Stabilization of overweight prevalence in French children between 2000 and 2007
Salanave B, Peneau S, Rolland-Cachera MF, Hercberg S and Castetbon K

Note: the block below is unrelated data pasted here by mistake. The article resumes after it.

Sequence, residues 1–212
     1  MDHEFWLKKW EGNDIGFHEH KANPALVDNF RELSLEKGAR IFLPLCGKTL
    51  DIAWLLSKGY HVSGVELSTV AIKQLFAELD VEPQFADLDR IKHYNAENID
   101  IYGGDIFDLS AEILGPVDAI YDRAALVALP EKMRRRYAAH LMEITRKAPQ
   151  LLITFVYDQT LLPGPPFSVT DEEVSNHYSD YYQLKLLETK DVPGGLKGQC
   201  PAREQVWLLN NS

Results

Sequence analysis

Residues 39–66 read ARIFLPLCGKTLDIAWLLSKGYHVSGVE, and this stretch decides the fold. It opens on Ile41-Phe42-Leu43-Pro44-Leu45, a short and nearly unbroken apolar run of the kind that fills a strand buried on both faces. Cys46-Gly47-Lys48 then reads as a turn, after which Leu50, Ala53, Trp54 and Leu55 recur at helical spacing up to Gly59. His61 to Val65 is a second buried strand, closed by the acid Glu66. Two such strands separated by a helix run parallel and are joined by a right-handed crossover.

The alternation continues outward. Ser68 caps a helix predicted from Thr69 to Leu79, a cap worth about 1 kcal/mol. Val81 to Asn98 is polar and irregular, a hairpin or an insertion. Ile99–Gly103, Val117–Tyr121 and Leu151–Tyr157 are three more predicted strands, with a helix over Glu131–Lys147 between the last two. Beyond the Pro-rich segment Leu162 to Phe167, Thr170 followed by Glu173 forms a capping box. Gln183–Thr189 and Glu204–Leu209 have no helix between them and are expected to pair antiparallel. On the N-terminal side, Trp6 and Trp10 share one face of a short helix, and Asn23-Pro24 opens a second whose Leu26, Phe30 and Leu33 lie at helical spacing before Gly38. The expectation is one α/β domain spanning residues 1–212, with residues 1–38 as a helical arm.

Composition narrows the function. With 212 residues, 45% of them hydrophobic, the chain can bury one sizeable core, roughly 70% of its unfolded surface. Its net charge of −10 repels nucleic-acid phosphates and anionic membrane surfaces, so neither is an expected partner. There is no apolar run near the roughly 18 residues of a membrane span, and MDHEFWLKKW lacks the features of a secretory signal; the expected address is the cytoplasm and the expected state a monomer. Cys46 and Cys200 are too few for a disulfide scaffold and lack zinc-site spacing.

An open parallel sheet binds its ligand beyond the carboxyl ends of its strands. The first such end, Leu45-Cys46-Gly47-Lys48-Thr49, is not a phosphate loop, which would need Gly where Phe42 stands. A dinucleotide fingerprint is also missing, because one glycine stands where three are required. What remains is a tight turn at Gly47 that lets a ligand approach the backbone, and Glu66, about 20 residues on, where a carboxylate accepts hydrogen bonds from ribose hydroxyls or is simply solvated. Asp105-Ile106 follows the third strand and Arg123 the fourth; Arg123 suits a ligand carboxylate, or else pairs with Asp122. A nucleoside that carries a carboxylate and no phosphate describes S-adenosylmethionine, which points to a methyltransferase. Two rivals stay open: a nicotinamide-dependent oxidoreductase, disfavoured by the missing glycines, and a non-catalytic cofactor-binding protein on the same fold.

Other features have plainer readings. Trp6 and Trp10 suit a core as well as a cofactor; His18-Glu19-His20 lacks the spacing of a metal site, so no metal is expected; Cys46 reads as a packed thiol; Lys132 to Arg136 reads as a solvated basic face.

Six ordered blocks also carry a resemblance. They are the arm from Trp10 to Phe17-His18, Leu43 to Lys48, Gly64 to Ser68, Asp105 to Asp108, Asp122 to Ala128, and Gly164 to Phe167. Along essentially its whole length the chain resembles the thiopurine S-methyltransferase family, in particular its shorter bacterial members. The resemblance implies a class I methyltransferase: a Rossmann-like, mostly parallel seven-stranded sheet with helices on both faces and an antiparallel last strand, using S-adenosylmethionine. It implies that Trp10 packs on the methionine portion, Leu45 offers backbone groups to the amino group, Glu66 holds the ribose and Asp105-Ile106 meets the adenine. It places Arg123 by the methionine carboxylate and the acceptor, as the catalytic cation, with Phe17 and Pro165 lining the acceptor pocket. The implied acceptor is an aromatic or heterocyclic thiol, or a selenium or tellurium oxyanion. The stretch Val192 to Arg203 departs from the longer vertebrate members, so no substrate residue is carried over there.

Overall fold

Objective. Over the past several decades, the prevalence of childhood obesity has increased worldwide. In France, the National Nutrition and Health Program (PNNS), implemented in 2001, was aimed at stopping this increase. The purpose of our study was to monitor changes in prevalence of overweight and obesity in 7–9-year-old children in France since the PNNS was set up. Methods. A cross-sectional study was conducted in 2007 in France based on a comparable protocol used in 2000. Primary schools were randomly selected in 11 out of 26 administrative school districts. In each of these schools, two classes were randomly selected. All children from these classes were included. Weight and height were measured by nurses or physicians belonging to the French educational system. A lifestyle self-administered questionnaire was completed by the parents. International Obesity Task Force cut-offs were used to define body mass status. Direct standardization was used to enable a comparison between 2000 and 2007. Results. In 2007, the prevalence of overweight was 15.8%, including 2.8% obesity, compared with 18.1% and 3.8%, respectively, in 2000. Differences between 2000 and 2007 did not reach statistical significance. In both years, the risk of being overweight or obese was significantly lower for children whose parents’ occupation was that of manager or white collar rather than the other, less-privileged occupational categories. Conclusion. Our study demonstrates stabilization of the prevalence of overweight and obesity in 7–9-year-old children in France between 2000 and 2007. It is possible that the PNNS may be partly responsible for this stabilization.
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